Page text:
Marty Stuart may be the busiest man in the country music industry right now.
At the young age of 64, Marty has been blessing bluegrass and country music with his presence for over 50 years. After hitting the Grand Ole Opry stage at the ripe age of 13, Marty hasn’t slowed down and doesn’t seem to plan on it.
Just last week he celebrated his 30th anniversary as a Grand Ole Opry member with friends and family, including his 89-year-old mother who was in attendance. The Opry Live show highlighted decades of his success, but he had a lot of new projects in the works to share with his fans.
In addition to being inducted into the Country Music Hall of Fame two years ago, Marty was also named a new member of the Musicians Hall of Fame in Nashville just this month.
The “Hillbilly Rock” singer has also been creating new music and used his Grand Ole Opry “pearl anniversary” as the time to debut a new song titled “Country Star” off his upcoming album, Altitude.
If you can believe it, Altitude isn’t the only project he’s had in the works.
Marty is also actively working on creating a country music preservation – The Congress of Country Music. Located in his hometown of Philadelphia, Mississippi, Marty’s plan was to build The Congress as a final home to over 20,000 country music artifacts he’s collected throughout his career.
You heard me right… over 20,000.
After this long of a stint in the industry, it’s no surprise that Marty Stuart has rubbed shoulders with some of country music’s greatest. And many of the articles he’s collected are pieces country music fans would love to see for themselves. His collection includes one-of-a-kind pieces like Hank Williams’ personal handwritten notes on the writing of “Cold, Cold Heart,” and the boots Patsy Cline wore during her fatal plane crash.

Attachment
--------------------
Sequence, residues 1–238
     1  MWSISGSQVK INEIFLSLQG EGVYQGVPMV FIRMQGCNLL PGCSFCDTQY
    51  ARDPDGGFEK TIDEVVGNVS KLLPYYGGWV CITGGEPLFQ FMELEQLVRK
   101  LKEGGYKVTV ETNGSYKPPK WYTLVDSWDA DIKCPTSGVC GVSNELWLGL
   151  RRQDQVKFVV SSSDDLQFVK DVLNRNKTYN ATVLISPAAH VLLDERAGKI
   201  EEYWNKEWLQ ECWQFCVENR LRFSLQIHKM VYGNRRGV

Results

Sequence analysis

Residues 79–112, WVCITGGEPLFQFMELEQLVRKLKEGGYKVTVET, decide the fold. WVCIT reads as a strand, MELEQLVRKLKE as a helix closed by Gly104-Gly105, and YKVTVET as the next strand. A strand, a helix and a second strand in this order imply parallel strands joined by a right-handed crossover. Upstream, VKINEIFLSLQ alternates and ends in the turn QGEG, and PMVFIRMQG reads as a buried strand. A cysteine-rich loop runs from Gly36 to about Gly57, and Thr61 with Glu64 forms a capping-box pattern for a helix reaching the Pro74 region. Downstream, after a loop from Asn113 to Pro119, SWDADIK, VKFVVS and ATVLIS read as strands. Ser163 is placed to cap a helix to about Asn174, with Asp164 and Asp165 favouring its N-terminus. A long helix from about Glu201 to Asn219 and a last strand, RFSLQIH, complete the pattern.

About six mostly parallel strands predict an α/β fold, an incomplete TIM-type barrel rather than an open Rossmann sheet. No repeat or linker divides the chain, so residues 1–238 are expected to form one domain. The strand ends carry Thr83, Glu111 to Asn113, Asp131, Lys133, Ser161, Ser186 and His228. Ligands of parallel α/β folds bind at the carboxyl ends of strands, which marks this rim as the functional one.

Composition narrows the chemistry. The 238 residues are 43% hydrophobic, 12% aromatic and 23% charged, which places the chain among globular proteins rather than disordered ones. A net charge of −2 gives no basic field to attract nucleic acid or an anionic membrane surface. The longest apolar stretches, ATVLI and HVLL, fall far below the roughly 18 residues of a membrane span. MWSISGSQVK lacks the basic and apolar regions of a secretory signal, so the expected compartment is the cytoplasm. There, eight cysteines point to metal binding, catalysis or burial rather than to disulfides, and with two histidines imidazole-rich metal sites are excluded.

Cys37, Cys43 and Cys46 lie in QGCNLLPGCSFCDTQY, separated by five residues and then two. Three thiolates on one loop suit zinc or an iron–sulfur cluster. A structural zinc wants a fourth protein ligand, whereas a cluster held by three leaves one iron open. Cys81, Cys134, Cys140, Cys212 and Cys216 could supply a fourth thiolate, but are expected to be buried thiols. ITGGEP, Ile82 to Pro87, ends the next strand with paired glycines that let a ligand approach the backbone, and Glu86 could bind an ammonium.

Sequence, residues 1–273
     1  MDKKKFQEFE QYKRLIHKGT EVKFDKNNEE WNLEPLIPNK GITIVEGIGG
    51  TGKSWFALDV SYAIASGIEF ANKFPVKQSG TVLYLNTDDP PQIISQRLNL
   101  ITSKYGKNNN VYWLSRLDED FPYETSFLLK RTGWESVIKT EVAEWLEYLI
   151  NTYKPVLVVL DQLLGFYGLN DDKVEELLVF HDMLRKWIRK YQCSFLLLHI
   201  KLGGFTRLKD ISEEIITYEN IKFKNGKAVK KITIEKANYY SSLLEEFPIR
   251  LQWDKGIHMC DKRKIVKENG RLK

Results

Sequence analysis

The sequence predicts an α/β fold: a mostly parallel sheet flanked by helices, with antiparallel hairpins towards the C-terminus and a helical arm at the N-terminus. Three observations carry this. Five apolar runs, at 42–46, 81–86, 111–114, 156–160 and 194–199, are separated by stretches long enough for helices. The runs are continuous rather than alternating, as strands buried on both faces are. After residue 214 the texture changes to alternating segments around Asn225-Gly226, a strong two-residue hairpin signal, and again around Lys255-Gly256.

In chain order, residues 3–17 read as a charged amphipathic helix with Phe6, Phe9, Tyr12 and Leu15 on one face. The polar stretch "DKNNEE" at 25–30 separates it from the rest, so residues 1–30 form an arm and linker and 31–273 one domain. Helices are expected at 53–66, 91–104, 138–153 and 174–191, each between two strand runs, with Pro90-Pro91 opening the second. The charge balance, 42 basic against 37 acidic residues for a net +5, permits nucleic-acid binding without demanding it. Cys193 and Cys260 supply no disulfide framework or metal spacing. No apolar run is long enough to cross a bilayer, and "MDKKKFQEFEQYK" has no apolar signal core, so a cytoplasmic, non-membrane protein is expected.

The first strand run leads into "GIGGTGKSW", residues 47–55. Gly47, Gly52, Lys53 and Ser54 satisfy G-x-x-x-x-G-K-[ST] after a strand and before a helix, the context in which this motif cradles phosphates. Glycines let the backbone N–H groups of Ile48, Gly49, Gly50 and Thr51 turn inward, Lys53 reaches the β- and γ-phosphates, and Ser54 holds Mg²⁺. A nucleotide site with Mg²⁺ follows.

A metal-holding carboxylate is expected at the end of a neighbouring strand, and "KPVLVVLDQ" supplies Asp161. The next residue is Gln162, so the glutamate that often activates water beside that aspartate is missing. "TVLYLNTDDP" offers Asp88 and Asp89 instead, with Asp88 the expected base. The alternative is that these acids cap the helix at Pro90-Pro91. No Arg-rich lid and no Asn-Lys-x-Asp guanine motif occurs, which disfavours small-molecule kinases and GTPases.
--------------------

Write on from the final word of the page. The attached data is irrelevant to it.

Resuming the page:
The Congress of Country Music is set to do a level one opening in the first weeks of December, and Marty is already considering a spinoff of The Marty Stuart Show that would draw attention to the gallery.
When asked about The Marty Stuart Show’s accomplishments in 2017, the artist shared:
“The mission statement there was to put our arms around the culture of traditional country music inside the walls of Nashville before it completely disappeared off the edge of planet Earth. And we accomplished that.
At the end of the 156 episodes and six or seven seasons, you know what? Mission accomplished. Let’s move on. That particular show is in the books now. It’s in history books.”
In the same way that his original show brought attention to traditional country music, Marty shares that the new show would give the audience a glimpse of country music history through the artifacts found in his Congress of Country Music:
“I see it as 30-minute episodes, revolving around going out to obtain an artifact, rescuing it and bringing it back. Every show will start in the warehouse in Philadelphia, Missouri, where everything is staged right now.
You get the story behind the artifact and it’s a treasure hunt. If there are musical instruments involved, we try to bring the past and present together.”
According to the same interview, the pilot episode has already been filmed and is awaiting release.
One thing is for certain, we should keep our eye on Marty Stuart in the coming months.